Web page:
Wednesday, 18 August 2010

False Start

Eva's Tale

For those who haven't met Eva before, here is a short introduction:-

Eva was a little girl growing up in post-war Germany in a small village on the left bank of the Lower Rhine. Previous adventures can be found under the label 'Eva's Tale' in the side bar. Each story stands on its own. Sometimes Eva writes the story herself, at other times she asks me to do it.

This is one of those that I tell for her.


The area where Eva grew up was predominantly Catholic;  an important lesson at the village school she attended was religious instruction; Eva, together with most of the school - there were very few Protestant children then -  had to go to Mass on  Sundays. Each year was allocated its own pew. Eva rather enjoyed the Latin services, she liked the plain chant and hearty communal singing; the sounds and sights and smells appealed to her nature. Eva was always one for a dramatic spectacle.

Religious observance played very little part in her family as a whole,  in fact, to add to the confusion, there were those who saw it as 'the devil's work'; but that is another story.

It so happened that on one particular Sunday she was very late arriving at Church. The service had started and she didn't feel comfortable to make her way to the front where her class mates were piously kneeling in their pew; she slipped into an empty seat in the set behind,  joining children several years older.

One of the initiation rites in the Catholic Church is the First Communion when the child has reached 'the age of reason'.  It was the custom in those days that a whole year would be deemed to have reached this stage; with all children receiving the necessary preparation at the same time.

When all the children in the pews Eva had joined got up and shuffled to the communion rail, Eva dutifully followed, making sure she did exactly as they did. This had never happened before and she was worried that she might get it wrong; she noticed that the priest hesitated when her turn came, but he carried on and when the others got up she again followed them back to the pew.

Within  minutes a murmuring and whispering like the first breath of a playful wind rustling a handful of  leaves arose all around her, there was a faint disturbance in the air, a shifting on seats and
shuffling of feet. The murmurs and whispers grew louder, Eva instinctively knew that she had done wrong and was therefore not surprised when a black-clad arm grabbed hers and dragged her out of the pew and to the back of the church.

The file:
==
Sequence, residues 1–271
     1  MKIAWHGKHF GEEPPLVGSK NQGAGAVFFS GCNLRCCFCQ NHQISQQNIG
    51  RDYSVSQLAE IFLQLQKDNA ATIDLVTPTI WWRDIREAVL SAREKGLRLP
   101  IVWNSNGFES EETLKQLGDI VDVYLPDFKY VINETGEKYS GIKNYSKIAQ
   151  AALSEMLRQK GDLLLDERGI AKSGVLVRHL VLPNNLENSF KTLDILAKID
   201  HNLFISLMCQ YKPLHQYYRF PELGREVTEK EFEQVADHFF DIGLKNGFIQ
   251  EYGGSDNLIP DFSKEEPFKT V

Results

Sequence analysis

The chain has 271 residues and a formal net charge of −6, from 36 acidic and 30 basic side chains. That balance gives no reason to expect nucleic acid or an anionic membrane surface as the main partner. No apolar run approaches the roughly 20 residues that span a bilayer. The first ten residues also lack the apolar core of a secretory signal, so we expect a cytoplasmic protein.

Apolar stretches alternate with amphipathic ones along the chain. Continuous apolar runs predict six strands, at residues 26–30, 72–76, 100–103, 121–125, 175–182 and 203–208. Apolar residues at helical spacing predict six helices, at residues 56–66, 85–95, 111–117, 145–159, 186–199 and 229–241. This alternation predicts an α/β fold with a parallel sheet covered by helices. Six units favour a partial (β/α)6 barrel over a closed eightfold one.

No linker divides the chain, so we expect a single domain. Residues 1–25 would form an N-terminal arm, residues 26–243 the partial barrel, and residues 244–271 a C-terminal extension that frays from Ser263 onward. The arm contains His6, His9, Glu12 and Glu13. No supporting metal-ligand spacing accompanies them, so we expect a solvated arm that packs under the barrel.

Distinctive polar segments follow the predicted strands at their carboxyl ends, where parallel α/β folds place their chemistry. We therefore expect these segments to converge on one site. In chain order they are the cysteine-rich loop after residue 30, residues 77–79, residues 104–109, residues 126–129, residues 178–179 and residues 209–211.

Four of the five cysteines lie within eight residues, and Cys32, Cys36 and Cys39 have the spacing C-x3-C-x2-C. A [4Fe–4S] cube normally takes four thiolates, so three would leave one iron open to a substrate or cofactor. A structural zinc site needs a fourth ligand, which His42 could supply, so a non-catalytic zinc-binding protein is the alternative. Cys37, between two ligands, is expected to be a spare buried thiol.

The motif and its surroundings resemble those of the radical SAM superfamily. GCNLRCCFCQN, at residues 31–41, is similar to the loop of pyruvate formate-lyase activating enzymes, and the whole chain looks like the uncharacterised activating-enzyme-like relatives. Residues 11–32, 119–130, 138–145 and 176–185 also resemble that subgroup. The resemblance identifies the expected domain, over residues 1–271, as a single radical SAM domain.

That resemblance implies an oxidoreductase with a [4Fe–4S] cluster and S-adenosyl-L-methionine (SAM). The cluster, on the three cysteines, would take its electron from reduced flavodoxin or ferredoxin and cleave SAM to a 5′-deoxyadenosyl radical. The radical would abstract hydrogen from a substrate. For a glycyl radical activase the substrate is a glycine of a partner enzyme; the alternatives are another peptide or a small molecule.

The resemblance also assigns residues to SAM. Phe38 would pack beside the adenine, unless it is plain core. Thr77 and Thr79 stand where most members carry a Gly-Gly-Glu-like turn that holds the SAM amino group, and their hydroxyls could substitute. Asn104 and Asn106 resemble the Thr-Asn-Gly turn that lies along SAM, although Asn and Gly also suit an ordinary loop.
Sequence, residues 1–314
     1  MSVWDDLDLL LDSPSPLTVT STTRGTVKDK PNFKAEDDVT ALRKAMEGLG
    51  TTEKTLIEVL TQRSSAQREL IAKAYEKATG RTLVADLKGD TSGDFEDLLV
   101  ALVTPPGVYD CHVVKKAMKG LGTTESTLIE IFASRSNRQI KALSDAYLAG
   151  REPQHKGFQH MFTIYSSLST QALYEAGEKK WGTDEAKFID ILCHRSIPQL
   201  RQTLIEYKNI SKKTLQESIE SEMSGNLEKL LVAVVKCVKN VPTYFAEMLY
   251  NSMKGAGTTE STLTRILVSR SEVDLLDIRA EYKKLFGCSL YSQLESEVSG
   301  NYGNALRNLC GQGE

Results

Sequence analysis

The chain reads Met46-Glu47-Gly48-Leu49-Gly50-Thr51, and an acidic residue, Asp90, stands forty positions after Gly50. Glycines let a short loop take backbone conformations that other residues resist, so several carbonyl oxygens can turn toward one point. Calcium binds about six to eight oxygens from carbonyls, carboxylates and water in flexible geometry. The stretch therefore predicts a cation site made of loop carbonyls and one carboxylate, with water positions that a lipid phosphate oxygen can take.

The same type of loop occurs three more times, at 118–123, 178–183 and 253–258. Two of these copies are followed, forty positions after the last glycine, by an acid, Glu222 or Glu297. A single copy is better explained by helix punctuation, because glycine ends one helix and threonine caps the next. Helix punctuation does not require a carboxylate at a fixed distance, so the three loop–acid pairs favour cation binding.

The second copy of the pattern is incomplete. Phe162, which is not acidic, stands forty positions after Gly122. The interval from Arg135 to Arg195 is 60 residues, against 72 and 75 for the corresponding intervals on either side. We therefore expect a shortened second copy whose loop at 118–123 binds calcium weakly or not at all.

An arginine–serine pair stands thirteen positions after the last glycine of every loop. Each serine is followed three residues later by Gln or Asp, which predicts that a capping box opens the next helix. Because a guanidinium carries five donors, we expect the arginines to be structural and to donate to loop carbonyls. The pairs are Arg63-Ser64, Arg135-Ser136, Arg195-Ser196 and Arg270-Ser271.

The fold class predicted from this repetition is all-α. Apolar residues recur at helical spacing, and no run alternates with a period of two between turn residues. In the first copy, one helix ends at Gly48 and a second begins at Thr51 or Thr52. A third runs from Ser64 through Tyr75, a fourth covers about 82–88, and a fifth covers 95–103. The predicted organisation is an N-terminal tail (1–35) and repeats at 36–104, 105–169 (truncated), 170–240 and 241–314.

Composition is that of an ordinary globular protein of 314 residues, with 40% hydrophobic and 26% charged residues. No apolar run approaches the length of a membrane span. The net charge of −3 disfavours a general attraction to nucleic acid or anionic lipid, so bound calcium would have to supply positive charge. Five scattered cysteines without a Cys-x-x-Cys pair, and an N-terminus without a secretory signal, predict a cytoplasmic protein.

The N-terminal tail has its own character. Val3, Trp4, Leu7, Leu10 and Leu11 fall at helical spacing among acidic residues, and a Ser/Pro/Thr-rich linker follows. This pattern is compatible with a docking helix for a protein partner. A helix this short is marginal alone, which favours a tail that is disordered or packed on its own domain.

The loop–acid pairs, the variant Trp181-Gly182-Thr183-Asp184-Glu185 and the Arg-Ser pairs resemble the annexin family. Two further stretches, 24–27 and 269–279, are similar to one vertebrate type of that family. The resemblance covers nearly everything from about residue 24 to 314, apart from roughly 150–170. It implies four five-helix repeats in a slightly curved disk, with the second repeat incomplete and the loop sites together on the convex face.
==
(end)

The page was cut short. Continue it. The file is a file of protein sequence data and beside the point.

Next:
The woman hissed, "you are not ready to take communion, don't you know what you did is a sin!"

Eva knew that a sin was a terrible thing,  although she had only a very vague idea what kind of deed might be involved; she was badly frightened and burst into tears, making for the big church doors to escape from the angry woman.

She ran home;  even so, the news had reached her Dad before she got there. Other children had run even faster to be first with the grim tidings;  no doubt anticipating dire retribution to befall the sinner.

Eva saw her father hurrying towards her in the middle of the road, in shirtsleeves and braces, without tie and coat, an unheard of state of affairs on a Sunday. She herself was hotly pursued by two of the village women who had been at the service, a tall, scrawny pair, both in black hats and long coats, flapping and cawing like crows about to fall on carrion.

Eva wailed, "Papa";  her Dad scooped her up, his arms lifting her high,  turning on the women with a stream of furious invective. Eva's Dad was a strong man, tall and imposing physically, with a very hot temper to match. He was also one of the members of the family with no time for organised religion.

The women stopped shrieking. Eva's Dad threatened them with unspeakable acts of violence should he hear of any further persecution of his precious girl. The women were not to know that this was an empty threat, violence simply not  being part of his nature. They fled.

At school on Monday morning, Eva was taken to one side and firmly but kindly told that she must never do this again. Two years later it was her turn to learn her catechism and in due course became officially eligible to take communion.


  1. Ahhh poor Eva, barely old enough to even know what a sin was!

    My children went to a Catholic school and once my daughter was told she couldn't take Communion with a visiting Bishop because she did not have the correct footwear on (she had an injured foot and was wearing sandels) Her arguement that Jesus wore sandals all of his life fell on deaf ears.